In recent years, there has been a growing recognition that youth involved in the juvenile justice system thrive best when they are in their own homes and communities, supported by those who love them and who have an interest in seeing them grow and develop into responsible adults. While some system-involved youth may benefit from time-limited, out-of-home care to maximize public safety and other positive outcomes, system staff and partners must always be mindful of the impact that residential placement can have on youth’s development and their ability to maintain positive connections to their families and communities.
Systems interested in producing the best outcomes for youth and communities need to pay particular attention to how youth experience residential treatment—including both the length of time they are away from their homes and social supports, as well as the nature and quality of the services and approaches in the programs themselves. During this time, adults caring for young people have the opportunity to help youth disrupt undesired behaviors, establish new pathways of thinking and seeing the world, and develop the types of skills and pro-social support networks that ultimately will help them succeed. Significant consequences can occur if there is a failure to make the most of this time away.
In February 2019, a robust discussion among participants in a Council of Juvenile Justice Administrators (CJJA) message group developed about how different states were studying or modifying length of stay, with many planning to revisit their approaches to these decisions. CJCA reached out to the Center for Juvenile Justice Reform (CJJR) and The Pew Charitable Trusts (Pew), and the three organizations consequently asked juvenile justice administrators if there would be interest in supporting system stakeholders exploring length of stay with a series of multi-state convenings, data analysis coaching and other technical assistance. There was a great deal of interest, and to that end, we have developed the Length of Stay Policy Academy. The goal of the Policy Academy is to guide and support teams from state and local jurisdictions to examine and address policies, practices, and other factors contributing to length of stay in post-adjudication placements and to develop strategic plans to improve outcomes for young people in those placements. The Policy Academy will examine key research findings, case studies, and lessons learned from systems across the U.S., and will challenge participants to commit to strengthening their system practices and policies to ensure that every youth receives what is needed to position them for long-term success.
For this program, length of stay refers to the entire time a youth spends out of his or her home in a custodial status after adjudication, residing in detention pending placement, or in a youth correctional facility, residential treatment facility, residential aftercare program, or group home prior to returning home or being released from custody.
The Policy Academy builds on Pew’s commitment to helping states use data-driven and research-informed approaches to solve challenges in juvenile and criminal justice. The program also rests on the decades of experience of CJJR and the CJJA in delivering high-quality training and technical assistance to juvenile justice systems across the country on research-based and data-driven policies and practices to improve outcomes for youth. Through support from the Pew Charitable Trusts, this opportunity is offered free of charge for up to eight participants per jurisdiction selected.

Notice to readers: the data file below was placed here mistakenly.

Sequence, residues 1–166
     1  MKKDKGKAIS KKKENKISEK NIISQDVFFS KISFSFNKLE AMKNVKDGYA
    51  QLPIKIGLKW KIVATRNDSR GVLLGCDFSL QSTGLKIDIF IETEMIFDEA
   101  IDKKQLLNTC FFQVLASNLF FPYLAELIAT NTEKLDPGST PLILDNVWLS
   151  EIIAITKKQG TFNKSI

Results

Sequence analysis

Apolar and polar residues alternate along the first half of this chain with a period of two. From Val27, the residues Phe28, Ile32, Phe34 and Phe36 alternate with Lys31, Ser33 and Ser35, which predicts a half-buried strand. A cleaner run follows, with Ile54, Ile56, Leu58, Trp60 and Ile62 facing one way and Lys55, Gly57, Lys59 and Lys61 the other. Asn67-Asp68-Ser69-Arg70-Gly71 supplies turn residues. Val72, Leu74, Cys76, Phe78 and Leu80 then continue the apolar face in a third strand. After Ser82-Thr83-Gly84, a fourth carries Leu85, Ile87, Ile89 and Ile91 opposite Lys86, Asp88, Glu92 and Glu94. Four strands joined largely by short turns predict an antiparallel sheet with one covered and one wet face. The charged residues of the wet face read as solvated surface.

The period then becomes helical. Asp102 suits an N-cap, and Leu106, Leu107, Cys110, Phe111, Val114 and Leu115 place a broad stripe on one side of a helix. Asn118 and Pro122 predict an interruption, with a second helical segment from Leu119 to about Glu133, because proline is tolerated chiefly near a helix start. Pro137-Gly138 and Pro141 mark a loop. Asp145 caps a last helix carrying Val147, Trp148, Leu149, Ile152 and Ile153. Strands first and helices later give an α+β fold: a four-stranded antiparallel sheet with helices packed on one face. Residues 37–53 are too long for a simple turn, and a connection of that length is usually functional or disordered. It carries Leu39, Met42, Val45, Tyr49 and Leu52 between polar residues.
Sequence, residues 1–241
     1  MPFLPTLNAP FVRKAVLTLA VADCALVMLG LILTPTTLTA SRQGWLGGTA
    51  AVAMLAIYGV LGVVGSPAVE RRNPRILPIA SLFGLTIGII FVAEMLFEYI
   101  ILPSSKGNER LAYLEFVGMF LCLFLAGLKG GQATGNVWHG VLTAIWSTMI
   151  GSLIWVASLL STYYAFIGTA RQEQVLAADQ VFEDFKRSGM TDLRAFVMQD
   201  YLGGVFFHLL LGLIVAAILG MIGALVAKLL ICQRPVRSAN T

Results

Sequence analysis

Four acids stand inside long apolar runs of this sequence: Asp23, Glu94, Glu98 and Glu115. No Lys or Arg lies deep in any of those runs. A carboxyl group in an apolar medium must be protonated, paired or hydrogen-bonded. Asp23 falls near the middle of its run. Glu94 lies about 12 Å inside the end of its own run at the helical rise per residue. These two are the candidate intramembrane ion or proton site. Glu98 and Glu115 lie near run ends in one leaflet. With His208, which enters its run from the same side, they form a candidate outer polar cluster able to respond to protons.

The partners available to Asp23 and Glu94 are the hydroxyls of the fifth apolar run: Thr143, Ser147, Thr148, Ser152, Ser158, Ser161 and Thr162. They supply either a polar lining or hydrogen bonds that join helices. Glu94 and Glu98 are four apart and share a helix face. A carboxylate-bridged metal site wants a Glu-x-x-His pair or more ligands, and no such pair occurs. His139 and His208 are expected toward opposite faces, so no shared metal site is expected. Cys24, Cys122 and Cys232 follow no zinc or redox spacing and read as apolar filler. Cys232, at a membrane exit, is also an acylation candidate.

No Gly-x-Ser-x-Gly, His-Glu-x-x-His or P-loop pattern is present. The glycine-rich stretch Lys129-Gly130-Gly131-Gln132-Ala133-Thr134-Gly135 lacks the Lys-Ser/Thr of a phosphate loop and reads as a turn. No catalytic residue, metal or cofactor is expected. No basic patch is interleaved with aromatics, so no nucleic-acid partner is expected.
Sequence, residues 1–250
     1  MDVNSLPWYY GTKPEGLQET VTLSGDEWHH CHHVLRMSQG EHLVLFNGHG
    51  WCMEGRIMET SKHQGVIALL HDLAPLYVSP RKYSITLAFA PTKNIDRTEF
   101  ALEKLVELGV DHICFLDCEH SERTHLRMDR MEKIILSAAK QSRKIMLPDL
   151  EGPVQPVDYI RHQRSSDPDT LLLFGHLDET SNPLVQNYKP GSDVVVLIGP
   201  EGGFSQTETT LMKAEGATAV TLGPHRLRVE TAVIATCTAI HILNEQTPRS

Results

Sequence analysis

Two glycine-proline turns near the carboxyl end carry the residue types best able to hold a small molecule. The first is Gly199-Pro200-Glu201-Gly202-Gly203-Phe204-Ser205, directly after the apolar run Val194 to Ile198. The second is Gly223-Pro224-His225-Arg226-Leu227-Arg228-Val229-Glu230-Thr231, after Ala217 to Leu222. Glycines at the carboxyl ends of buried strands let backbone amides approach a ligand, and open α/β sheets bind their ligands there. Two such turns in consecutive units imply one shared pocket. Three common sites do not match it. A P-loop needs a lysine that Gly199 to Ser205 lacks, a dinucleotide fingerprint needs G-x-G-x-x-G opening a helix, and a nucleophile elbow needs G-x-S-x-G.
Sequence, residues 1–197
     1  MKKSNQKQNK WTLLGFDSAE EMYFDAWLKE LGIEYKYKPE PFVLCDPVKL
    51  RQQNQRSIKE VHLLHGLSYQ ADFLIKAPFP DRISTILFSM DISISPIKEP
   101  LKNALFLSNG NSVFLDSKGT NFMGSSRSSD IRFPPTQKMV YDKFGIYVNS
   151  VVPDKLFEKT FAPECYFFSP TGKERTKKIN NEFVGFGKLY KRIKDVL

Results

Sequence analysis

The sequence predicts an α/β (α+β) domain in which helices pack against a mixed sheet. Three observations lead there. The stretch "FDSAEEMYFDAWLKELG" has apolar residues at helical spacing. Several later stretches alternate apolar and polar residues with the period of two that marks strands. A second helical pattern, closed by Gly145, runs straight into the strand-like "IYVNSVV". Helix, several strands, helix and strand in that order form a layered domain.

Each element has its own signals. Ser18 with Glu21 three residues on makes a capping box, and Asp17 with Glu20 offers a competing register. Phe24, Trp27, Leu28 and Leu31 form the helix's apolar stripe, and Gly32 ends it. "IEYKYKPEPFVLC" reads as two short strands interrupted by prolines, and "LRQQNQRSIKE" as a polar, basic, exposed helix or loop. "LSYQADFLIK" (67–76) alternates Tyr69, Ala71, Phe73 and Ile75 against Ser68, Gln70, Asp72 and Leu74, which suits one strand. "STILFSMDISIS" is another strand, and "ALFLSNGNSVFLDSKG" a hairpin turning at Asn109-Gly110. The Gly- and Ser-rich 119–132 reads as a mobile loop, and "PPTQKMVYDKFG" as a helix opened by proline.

The Length of Stay Policy Academy will kick off with an intensive initial gathering at The Pew Charitable Trusts’ Washington, DC office. The initial program includes 3.5-days of intensive presentation, discussion, and planning for jurisdictions to examine and address factors contributing to length of stay in post-adjudication placement, and strengthen policies and practices affecting length of stay. Participating teams will engage in discussions with researchers, policymakers, and practitioners, and receive guidance from CJJR, CJCA, and Pew throughout the program to develop and execute an Action Plan to advance system-wide improvements in their jurisdictions.
The full Policy Academy participant group will come back together for two subsequent shorter meetings. These subsequent meetings will be used to share lessons learned, address common challenges and interests, focus on strategic communications, and reflect on and discuss ongoing efforts.
For the initial one-year period of support during the Policy Academy, participants will receive distance technical assistance (TA) from CJJR, CJJA, Pew, and relevant subject matter experts to help them implement their plans and projects. TA will help jurisdictions to develop new policies and practices; identify and advance best practice strategies for adopting them; train staff and stakeholders to promote their buy-in and collaboration; and assess, evaluate, and sustain progress.
The Length of Stay Policy Academy seeks to promote a juvenile justice system that is:
- equitable and fair,
- comprehensive, collaborative, and strength-based,
- the least-restrictive necessary for the safety of the youth and the community,
- individualized and developmentally appropriate,
- engaged with families and communities, and encourages positive youth and family experiences and outcomes,
- research-based, and predicated on validated assessments,
- data-informed and outcome-driven.
Each of these principles will be woven throughout the curriculum and activities of the program.
A total of five multi-disciplinary teams were selected for participation in the Policy Academy from the following States:
- New York